There have been several two and three button joysticks for the C64 and games have used these feature.
It could have been done
As Retrograd (and others) already explained, the basic design of the control ports is made for either
- a digital 4 direction plus fire joystick or
- two (analogue) paddles with one fire each or
- a light pen with one fire button (only on port 1)
So in theory an analogue joystick with up to 5 digital inputs could have been used. Much like the Apple II did (or later IBM).
It wasn't and the Reason is History.
It's important to keep in mind that the joystick port design is not a Commodore development, but taken straight from the Atari 2600 and used for the VIC20. Doing so gave Commodore the advantage to skip developing their own peripherals and straight buy ready developed ones, just to be branded. A classic Tramiel move :) The C64 again inherited the port from the VIC20.
Atari did not offer any analogue joysticks for the VCS, as polling them would have been rather cumbersome for the limited VCS hard/software without much gain. Similar not third party developer did.
Hen and Egg
Later machine, like the 400/800 and VIC20/C64 could have done better, but it's a classic hen and egg problem:
- No need to write games for analogue joysticks without them
- No need to offer analogue joysticks without games using them.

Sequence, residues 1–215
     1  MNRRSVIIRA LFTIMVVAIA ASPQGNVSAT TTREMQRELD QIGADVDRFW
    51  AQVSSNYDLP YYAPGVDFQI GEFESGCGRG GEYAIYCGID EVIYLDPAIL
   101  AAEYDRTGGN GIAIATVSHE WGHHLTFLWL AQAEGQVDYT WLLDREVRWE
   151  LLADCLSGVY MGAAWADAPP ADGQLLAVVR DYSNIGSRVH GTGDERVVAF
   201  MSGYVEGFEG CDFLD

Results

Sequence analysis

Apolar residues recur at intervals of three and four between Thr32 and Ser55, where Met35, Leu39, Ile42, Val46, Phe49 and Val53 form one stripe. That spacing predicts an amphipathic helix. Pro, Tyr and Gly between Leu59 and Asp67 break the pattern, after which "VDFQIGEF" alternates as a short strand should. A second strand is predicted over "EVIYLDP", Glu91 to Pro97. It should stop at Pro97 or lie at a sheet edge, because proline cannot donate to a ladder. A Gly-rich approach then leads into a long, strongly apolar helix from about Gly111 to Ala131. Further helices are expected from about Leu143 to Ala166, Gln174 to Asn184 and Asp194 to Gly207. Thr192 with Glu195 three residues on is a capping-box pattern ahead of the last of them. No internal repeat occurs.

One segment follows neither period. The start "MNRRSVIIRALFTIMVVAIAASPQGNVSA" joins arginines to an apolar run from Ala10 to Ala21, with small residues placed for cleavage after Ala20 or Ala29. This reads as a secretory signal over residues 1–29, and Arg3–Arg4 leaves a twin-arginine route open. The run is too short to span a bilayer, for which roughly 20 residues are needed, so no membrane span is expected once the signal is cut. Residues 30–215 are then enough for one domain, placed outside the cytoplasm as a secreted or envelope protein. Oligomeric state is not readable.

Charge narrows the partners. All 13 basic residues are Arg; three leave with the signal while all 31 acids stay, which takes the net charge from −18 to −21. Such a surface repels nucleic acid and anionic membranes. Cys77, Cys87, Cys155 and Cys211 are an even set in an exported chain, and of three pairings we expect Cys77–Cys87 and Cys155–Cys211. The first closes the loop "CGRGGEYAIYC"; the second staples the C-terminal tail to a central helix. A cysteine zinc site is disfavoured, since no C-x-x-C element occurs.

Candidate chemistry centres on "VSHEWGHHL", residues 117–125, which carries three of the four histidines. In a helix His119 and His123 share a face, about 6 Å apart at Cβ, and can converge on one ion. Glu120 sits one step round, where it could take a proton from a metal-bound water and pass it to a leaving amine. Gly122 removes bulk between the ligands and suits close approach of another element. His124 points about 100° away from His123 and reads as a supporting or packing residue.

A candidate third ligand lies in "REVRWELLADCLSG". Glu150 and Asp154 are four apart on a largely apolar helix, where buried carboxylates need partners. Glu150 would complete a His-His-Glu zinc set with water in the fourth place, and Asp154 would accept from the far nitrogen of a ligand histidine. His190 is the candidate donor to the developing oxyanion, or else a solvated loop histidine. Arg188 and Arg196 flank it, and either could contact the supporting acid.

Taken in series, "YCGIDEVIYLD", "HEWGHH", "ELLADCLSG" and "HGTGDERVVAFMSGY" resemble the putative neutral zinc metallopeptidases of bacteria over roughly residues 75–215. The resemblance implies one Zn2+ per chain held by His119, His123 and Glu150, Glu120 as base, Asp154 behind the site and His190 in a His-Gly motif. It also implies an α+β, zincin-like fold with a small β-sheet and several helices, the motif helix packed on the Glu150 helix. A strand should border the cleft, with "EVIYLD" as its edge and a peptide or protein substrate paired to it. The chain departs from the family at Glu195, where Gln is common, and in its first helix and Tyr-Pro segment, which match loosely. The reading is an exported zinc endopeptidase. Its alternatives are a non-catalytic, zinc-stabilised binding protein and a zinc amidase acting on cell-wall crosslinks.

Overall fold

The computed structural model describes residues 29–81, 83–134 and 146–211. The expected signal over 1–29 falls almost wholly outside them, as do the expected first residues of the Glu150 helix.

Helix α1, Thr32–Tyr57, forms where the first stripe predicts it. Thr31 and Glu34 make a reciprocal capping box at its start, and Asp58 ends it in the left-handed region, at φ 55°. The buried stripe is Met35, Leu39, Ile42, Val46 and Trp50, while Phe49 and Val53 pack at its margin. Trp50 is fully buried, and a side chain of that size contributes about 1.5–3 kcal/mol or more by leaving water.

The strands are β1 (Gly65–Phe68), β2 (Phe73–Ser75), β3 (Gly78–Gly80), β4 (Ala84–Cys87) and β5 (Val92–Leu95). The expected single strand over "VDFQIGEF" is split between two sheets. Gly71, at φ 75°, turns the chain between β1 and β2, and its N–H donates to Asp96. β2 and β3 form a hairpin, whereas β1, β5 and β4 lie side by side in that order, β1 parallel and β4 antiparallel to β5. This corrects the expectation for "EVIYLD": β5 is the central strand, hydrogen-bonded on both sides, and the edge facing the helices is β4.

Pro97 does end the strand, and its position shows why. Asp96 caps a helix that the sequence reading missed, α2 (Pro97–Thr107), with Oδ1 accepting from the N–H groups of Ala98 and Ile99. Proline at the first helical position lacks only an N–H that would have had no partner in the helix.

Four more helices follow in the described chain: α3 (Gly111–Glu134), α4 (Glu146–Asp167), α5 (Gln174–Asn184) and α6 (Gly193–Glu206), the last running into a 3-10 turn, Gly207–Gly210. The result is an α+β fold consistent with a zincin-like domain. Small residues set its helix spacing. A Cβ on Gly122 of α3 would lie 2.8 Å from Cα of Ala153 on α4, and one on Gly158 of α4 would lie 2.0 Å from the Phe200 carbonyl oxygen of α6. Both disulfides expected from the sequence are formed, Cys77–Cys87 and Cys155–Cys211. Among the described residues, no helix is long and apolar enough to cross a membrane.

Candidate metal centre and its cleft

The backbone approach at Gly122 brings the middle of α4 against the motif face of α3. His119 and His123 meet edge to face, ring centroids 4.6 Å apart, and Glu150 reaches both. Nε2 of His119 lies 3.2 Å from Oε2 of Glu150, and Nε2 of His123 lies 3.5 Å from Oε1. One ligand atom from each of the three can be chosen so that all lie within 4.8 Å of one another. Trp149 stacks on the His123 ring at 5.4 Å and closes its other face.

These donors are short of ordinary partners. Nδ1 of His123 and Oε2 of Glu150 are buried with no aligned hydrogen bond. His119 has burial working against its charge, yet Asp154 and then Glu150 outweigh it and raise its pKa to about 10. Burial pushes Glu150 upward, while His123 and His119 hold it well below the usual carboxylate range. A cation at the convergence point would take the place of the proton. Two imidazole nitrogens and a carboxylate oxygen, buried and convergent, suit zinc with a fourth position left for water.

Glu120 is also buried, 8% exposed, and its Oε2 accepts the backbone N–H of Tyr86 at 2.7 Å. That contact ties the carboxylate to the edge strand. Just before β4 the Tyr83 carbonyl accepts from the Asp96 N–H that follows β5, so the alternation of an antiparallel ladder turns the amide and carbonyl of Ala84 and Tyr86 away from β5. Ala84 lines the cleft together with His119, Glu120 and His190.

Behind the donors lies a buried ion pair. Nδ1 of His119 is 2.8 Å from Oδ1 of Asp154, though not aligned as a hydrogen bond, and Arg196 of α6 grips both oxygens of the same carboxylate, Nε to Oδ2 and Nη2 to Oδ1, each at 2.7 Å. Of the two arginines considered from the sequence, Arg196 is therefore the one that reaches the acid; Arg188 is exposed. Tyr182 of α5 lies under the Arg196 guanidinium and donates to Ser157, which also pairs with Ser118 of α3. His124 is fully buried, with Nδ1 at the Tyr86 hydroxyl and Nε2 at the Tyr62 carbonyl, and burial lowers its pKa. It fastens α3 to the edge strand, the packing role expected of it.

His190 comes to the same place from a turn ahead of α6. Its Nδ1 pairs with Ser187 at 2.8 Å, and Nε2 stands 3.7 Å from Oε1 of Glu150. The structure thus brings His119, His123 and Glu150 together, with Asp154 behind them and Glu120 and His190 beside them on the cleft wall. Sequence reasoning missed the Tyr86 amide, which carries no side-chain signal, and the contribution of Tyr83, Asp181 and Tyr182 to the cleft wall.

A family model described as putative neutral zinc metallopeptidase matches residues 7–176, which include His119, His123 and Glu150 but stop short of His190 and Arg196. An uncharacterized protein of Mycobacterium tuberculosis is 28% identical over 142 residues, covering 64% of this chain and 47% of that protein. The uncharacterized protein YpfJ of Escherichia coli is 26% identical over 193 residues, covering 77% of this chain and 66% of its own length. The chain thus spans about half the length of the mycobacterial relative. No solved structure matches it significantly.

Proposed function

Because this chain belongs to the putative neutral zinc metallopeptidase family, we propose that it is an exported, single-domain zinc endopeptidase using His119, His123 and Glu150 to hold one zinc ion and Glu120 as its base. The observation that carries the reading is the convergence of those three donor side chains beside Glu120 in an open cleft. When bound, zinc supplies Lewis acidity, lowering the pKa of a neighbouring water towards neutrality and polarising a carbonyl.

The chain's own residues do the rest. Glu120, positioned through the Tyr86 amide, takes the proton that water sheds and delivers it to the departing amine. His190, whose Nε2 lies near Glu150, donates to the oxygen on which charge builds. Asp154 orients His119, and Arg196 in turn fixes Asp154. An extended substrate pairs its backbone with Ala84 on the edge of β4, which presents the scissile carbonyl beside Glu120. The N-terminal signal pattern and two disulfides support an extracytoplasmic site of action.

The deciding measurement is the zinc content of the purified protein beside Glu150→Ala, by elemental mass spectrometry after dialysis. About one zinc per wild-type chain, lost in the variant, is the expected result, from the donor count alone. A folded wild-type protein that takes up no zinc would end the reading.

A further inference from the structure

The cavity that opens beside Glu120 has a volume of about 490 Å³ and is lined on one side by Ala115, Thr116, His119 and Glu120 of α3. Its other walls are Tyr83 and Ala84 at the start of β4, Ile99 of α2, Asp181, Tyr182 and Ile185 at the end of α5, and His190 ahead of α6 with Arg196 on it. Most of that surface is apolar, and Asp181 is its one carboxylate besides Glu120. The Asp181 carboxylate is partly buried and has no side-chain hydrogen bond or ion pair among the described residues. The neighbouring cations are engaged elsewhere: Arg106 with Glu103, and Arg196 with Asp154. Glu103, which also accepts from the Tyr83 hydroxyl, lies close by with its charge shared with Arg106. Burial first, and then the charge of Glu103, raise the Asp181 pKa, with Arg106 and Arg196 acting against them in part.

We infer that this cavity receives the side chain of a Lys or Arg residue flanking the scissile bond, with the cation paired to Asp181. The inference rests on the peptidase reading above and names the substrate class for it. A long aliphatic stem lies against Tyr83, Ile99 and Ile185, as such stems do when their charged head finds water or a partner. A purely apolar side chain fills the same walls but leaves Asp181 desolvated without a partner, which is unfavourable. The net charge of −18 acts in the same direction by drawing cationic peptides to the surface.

Essentially this would be the end of the story, except, like you already assumed, there was a strong need for more buttons so any solution would be welcome.
Atari to the Rescue
With the 7600 Atari introduced the CX60 controller, a new two and a half button controller with a left and right button, plus a third, virtual button when both are pressed (called Command). To do so the analogue X/Y inputs were used as digital inputs for both new buttons, while the original button input was connected via two resistors. Worked fine with the 7800 as well with the 2600, where it later was called CX24.
While basically compatible with the C64, these joysticks would not work straight away as the 'main' button needs pressing both. Still Atari paved the way to follow by opening great possibilities for third party development.
Not everyone liked the small joystick. And having a trigger at the stick sounds as well great. Multi system capabilities are a great plus, as the same product can be sold to more customers, which can easy outwight the additional manufacturing cost. So configurable joysticks it was. Working with the regular main button system as well as with the modified 7800 and offering up to three buttons for major systems.
Like any add on manufacturer joystick makers were keen on new features and more buttons (like auto trigger before) would add a great sticker on each box: New, Better, More!
With these joysticks becoming more common, game developers also started to follow with games using them.
The Rest is History
In the end, even Commodore used this method for the C64GS Joystick, which added a second button using the paddle A (POTX) input. Later the Amiga sanctioned the full 3 button joystick with using paddle B as well.
At that time the three button layout was well established. For example with the Kempston Interface for the ZX Spectrum. Atari used the 2 button configuration of the C64GS.
But There's More And You Knew About It
or by your foot!
There was a controller with 5 large buttons to be operated by foot - so it was quite possible to add more control via the second port, at least for single player or hot seat games. :)